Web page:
ITC sets criteria to review US Steel’s antitrust complaint, sets up definitions for 337 antitrust injury
20 December 2016. By Adam Sigal.
In setting the focus of its review on the nature of antitrust injury, the US International Trade Commission may be setting itself up as an alternative forum to pursue international claims of antitrust infringement.
The commissioners of the ITC announced Monday they would review a move by an administrative law judge to dismiss the antitrust portions of United States Steel’s unfair trade action against Chinese steel companies.
The solicitation of comments that followed shows where the focus of the agency will be: on what type of injury US Steel should have pled for its suit to move forward.
‘Antitrust injury’ is a requirement for pleading in district courts that requires a plaintiff show injury to competition and the competitive process rather than just a personal injury. In short, it requires the judge to decide whether the conduct at issue is something antitrust laws such as the Clayton Act and the Sherman Act were meant to protect against.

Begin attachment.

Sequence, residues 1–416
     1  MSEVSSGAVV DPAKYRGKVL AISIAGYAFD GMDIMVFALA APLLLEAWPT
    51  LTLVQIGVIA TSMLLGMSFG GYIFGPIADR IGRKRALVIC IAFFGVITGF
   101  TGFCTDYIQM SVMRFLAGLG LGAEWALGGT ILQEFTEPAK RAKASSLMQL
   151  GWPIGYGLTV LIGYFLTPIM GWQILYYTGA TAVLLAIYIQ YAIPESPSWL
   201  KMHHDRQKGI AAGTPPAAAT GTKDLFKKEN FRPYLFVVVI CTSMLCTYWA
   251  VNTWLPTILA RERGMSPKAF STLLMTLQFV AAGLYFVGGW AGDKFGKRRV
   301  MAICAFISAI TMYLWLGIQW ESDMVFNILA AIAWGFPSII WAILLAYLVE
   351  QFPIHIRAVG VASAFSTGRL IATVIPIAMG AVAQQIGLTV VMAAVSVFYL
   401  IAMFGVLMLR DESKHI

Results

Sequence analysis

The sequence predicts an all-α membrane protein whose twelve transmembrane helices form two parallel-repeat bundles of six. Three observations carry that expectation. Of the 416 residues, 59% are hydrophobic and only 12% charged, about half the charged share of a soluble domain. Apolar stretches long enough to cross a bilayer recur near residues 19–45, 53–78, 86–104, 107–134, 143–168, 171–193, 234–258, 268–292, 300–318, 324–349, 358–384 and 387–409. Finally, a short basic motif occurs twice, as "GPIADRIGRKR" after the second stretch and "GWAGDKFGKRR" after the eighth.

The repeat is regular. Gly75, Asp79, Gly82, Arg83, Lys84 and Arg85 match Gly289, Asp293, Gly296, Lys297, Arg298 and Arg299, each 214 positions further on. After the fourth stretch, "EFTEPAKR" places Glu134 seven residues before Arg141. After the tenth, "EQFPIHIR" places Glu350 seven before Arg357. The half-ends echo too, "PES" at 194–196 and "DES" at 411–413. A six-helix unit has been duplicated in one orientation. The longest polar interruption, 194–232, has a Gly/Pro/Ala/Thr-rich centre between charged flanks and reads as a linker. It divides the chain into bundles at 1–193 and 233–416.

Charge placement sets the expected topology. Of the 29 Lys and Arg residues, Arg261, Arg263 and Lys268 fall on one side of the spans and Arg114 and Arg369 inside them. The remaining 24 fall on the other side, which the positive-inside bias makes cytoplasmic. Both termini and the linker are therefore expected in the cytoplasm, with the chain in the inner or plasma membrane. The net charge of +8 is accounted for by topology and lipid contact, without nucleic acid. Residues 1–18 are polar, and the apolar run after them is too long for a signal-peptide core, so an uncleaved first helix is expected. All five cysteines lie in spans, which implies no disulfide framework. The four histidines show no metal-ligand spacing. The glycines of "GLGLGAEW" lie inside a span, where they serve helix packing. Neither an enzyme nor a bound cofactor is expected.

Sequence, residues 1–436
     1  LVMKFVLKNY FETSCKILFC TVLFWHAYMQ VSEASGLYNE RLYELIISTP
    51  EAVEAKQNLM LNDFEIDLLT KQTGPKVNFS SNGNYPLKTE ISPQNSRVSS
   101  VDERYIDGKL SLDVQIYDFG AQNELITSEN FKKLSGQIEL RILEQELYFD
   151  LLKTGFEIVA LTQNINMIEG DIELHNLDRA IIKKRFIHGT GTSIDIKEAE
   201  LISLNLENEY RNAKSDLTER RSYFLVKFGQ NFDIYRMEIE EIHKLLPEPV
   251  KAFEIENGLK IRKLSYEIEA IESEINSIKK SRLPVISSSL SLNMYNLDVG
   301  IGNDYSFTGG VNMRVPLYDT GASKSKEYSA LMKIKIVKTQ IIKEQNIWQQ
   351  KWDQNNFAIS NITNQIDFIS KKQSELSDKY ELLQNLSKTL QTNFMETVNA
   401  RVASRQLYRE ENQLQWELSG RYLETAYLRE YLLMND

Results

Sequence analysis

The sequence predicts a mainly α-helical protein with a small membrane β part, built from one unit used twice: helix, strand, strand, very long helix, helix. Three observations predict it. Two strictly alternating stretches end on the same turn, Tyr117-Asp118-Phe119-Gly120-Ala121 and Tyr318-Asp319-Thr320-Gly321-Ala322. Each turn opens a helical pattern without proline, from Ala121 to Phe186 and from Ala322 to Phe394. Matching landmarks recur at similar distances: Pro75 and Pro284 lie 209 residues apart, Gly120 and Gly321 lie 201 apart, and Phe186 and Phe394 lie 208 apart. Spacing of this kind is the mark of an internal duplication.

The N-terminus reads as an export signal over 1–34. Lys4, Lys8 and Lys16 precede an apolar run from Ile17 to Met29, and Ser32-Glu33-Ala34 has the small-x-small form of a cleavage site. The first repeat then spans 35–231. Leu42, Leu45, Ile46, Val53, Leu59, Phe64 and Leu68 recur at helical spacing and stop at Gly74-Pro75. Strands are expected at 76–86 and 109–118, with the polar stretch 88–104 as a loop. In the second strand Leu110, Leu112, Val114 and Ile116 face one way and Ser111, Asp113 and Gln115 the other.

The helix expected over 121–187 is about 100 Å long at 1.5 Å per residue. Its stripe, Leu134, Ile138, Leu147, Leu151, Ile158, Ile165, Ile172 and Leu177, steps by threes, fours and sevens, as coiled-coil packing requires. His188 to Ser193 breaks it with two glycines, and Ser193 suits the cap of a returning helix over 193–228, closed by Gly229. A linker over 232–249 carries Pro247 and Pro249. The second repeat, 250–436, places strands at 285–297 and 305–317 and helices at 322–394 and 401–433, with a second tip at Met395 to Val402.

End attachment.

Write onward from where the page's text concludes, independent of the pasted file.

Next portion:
Commissioners’ solicitation asked for an explanation of the injury requirements inherent to Section 337 — the type of unfair trade case US Steel filed. By keeping a laser focus on the injury elements of their statute and not the federal laws, the commissioners appear poised to answer a similar question: What type of injury is Section 337 meant to protect against?
The solicitation also asked for comparative analysis of different elements of a 337 injury and how the rules should differ from those in federal court.
Commissioners also will consider whether US Steel should be allowed to amend its complaint if it is found that antitrust injury, or some facsimile of it, is a requirement to pursue anticompetition claims at the ITC in a 337 case. Currently, US Steel has not been allowed to fix the part of its complaint that was dismissed.
Written submissions are due by Jan. 17, and the ITC will consider whether it wants to hold oral arguments. If so, the arguments will be scheduled for March 14.